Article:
[Bolivia bloggers] Day 3: Trickle-Up Economics...

The terrain of Cochabamba, Bolivia is both breathtakingly beautiful and violently rugged. In the shadow of its snow-covered mountains are hundreds of arid rocky hills, where horses and cows perch as skillfully as mountain goats upon the steep slopes where people too make their homes. The high altitude (over 12,000 feet in some places!) leaves even the most skilled climbers breathless.

It takes most children over an hour to walk the winding gravel roads to school. Women who want or need to deliver their babies in a hospital typically face a three mile walk…while in labor…to the nearest health facility. The average income is just $450 a year.

This is obviously tough land to farm, so many men leave their families behind to migrate to Santa Cruz, Argentina, or even Spain in hopes of harvesting better crops and sending some money home. This leaves women and children vulnerable to poverty, malnutrition, dangerous living conditions, and even sexual exploitation. Some of these men return or send money; others never do.

Cinda, a soft-spoken woman with earnest eyes, who like most women in the country wears her long black hair in two braids down her back, had three little girls and several acres of land to tend when her husband abandoned the family. Although she had the skills she needed to harvest potatoes and beans, her planting time, yield, and variety were severely limited due to a lack of irrigation to her property. It would be difficult for her family to survive with only one adult tending the fields.

©2011 Amy Conner for World Vision

Cinda wasn’t the only one facing a water problem. She and her neighbors lived beneath the snow-capped mountain called Hunu. To catch the runoff from the melted snow, residents had wisely built a dam, but it was inefficient, providing water for only a few dozen families, and stirring up strife between neighbors desperate for its live-saving waters.

Fortunately, Cinda and her family are part of a World Vision ADP (area development program). Her three girls have sponsors whose contributions are not only used to purchase school supplies and meals, but are also pooled together with other contributions to help solve community problems. Partnering with local leaders, World Vision helped the community build and maintain a better dam—a beautiful reservoir of deep blue beneath Hunu, capable of providing irrigation to 170 families and even stocked with fish for extra protein! The dam and irrigation system were designed by locals, built by locals, and are so well-maintained by locals that they have become completely self-sustaining with no funding from World Vision necessary.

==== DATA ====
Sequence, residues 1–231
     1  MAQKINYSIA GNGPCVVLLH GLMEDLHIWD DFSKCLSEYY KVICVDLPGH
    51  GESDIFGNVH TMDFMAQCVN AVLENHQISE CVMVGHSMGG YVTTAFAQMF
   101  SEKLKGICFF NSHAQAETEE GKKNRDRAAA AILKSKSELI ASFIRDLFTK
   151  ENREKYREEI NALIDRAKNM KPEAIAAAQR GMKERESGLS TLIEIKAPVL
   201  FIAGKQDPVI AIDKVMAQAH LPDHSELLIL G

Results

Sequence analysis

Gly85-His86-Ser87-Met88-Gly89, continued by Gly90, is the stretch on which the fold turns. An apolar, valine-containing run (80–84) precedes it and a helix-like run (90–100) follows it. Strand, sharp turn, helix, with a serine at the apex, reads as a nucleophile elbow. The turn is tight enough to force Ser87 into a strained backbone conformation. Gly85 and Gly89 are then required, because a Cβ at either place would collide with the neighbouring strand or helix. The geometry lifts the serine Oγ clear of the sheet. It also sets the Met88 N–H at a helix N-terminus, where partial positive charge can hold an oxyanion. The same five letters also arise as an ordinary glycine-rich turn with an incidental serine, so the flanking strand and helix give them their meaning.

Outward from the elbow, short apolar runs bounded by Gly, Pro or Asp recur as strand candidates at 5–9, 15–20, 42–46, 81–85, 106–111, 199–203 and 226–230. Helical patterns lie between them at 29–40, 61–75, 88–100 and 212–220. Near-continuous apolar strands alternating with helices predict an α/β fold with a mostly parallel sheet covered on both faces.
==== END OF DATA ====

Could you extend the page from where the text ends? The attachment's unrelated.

©2011 Amy Conner for World Vision

Now water runs swiftly through Cinda’s property, which not only yields several varieties of potatoes and beans, but also sustains a couple of llamas, a herd of ship, and a noisy pig. In fact, Cinda produces enough crops to not only feed her own family but also to sell the excess at the market.  Against all odds, she has become a successful farmer and businesswoman. It was all I could do to keep myself from throwing my arms around her and shouting “Woman of valor!

©2011 Amy Conner for World Vision

What I love about World Vision’s community development model is that it represents what you might call trickle-up economics. The individual needs of children reveal the needs of an entire community and so problems are solved from the ground up. What’s even more impressive is how diligently the folks at World Vision work to get out of their own way and make projects self-sustaining.

Just down the road from Cinda lives a mother of eight who turned ten guinea pigs into nearly 70 with some basic training from World Vision and a determination to provide enough food for her family. (Yes, they eat them here...)

©2011 Amy Conner for World Vision

In a lot of ways, child sponsorship is like the Hunu dam.  The people of the community provide the initial resources that with the help of World Vision and its child sponsors are efficiently pooled together to overflow like streams of living water to individual families in need.

If you’re interested in being a part of this trickle-up system, please consider sponsoring a child by clicking on this link or on the banner below.

Just know that if you do so, you may be sponsoring a dam as well!


Read more posts from the Bolivia bloggers team.

Sponsor a child in Bolivia.

Comments

Thank you for showing me how World Vision not only supports but also gets out of the way. I think it is so important to be there for them, support them in the beginning and finally show them how to live a sustainable life on their own. Teaching them skills is sometimes more important than giving money at times. Because our money can run out but their ability to make money continues on. Yes this is not always the case but I am speaking in a more general term.

Thanks Amy. Your trickle-up economics 101 class made the pictures come to life. Keep it up! We love reading and hearing about Bolivia.

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